This article was originally written and submitted as part of a Canada 150 Project, the Innovation Storybook, to crowdsource stories of Canadian innovation with partners across Canada. The content has since been migrated to Ingenium’s Channel, a digital hub featuring curated content related to science, technology and innovation.
The reaction cell emitted light — and led to the first chemical laser.
This glass reaction cell helped establish the field of reaction dynamics and won Canadian scientist John Polanyi a Nobel Prize in Chemistry in 1986. Custom-made at the University of Toronto, the cell allowed Polanyi and graduate student Kenneth Cashion to examine the behaviour of atoms during chemical reactions in experiments beginning in 1956. They discovered a phenomenon called infrared chemiluminescence, the emission of light from highly excited, vibrating atoms or molecules. Polanyi and Cashion used the reaction cell to introduce hydrogen into cooled chlorine gas: the subsequent reaction caused a discharge of infrared photons detectable by a spectrometer. Polanyi and Cashion’s research provided momentum for further work on chemical lasers, which were first constructed in 1964. Polanyi is a peace and disarmament activist, and an advocate for basic science — research with no defined goal or application.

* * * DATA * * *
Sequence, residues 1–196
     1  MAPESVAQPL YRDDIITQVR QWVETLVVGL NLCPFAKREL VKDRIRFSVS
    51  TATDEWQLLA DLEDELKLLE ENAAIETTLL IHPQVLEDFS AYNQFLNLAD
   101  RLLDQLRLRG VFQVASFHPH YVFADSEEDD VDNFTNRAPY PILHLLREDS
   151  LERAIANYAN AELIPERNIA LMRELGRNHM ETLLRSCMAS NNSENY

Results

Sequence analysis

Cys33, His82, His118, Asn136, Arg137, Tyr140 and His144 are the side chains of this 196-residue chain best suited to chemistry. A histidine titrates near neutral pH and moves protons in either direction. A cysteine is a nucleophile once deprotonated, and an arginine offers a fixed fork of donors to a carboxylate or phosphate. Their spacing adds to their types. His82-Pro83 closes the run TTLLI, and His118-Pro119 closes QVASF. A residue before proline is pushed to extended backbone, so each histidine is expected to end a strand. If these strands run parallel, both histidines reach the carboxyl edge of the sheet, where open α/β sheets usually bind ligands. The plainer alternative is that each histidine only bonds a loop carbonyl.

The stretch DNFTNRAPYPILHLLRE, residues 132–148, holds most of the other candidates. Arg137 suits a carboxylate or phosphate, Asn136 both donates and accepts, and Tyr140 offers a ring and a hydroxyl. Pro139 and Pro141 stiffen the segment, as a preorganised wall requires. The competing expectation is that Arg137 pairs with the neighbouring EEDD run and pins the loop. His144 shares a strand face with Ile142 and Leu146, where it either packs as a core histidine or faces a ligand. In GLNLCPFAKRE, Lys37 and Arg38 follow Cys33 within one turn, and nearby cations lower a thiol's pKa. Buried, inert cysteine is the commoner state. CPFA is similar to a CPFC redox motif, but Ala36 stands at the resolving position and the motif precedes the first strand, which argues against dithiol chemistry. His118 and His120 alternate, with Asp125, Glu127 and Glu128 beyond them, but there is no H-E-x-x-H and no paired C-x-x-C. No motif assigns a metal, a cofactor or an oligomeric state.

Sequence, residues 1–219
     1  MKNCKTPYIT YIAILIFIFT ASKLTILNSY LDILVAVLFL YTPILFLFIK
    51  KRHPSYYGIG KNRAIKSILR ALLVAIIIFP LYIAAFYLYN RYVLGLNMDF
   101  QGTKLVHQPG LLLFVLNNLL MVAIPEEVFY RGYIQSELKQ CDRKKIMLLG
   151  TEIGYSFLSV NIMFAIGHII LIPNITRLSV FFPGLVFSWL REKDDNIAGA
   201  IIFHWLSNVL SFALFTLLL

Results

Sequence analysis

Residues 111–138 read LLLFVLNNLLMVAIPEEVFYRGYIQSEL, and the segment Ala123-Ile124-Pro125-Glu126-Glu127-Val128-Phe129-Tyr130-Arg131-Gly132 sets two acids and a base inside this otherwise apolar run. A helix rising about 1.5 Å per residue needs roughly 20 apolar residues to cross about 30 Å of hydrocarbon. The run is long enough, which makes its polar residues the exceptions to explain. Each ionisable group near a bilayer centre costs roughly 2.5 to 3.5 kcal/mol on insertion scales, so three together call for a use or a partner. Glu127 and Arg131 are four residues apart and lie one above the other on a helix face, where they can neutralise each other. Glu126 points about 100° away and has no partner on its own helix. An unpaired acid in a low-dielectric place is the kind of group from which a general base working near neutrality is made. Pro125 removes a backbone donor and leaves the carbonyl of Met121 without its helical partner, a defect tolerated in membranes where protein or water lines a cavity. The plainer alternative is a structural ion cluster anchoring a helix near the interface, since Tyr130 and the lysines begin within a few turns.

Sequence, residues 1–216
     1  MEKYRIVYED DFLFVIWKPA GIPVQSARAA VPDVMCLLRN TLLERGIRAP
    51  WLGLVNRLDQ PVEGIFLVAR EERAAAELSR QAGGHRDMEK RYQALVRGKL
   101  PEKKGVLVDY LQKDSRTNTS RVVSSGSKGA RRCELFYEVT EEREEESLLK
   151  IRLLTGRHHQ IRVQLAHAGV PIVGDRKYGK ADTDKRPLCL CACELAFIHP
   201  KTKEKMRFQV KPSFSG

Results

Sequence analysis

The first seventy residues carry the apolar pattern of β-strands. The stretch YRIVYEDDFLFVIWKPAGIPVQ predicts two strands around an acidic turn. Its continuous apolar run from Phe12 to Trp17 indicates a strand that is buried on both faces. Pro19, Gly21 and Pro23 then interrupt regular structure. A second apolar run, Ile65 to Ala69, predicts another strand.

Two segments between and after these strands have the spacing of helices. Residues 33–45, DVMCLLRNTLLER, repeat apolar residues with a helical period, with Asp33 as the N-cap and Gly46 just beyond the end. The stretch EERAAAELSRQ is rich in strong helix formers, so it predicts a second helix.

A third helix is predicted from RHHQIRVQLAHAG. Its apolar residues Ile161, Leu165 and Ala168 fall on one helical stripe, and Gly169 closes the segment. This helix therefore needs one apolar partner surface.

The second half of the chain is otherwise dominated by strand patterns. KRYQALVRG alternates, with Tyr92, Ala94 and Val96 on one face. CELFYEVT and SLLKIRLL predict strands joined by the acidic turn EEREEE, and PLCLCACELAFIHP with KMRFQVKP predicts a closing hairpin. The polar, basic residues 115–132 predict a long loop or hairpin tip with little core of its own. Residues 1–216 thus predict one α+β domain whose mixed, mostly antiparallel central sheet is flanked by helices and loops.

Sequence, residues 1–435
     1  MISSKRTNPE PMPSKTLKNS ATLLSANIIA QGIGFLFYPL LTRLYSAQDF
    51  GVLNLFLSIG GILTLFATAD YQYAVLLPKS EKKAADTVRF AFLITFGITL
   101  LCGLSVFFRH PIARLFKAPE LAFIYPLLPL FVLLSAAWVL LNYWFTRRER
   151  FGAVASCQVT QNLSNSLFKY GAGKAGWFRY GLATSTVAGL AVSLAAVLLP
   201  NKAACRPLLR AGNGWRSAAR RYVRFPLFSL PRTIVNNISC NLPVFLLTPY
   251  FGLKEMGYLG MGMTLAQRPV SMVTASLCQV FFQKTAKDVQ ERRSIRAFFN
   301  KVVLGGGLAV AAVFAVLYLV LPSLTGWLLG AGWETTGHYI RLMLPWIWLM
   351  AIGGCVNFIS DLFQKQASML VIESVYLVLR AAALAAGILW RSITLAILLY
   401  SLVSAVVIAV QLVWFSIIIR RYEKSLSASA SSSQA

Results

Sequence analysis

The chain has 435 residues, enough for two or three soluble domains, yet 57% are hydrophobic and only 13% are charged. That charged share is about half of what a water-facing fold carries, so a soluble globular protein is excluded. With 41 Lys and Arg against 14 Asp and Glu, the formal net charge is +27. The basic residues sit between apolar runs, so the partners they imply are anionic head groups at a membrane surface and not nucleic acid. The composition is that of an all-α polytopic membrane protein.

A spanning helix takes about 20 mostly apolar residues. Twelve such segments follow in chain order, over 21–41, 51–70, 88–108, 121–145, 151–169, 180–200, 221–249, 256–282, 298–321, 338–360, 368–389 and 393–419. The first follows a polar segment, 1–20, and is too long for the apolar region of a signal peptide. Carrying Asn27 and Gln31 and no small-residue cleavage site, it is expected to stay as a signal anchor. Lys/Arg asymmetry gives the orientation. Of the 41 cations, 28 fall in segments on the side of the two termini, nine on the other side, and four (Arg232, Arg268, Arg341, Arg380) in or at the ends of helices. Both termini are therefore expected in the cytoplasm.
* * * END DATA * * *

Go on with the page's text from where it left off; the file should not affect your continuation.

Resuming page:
John Polanyi arrived in Canada from England as a young boy, sent out of harm’s way after the outbreak of the Second World War. He returned to England in 1946 to earn a PhD in chemistry at the University of Manchester, and made Canada his permanent home in the 1950s.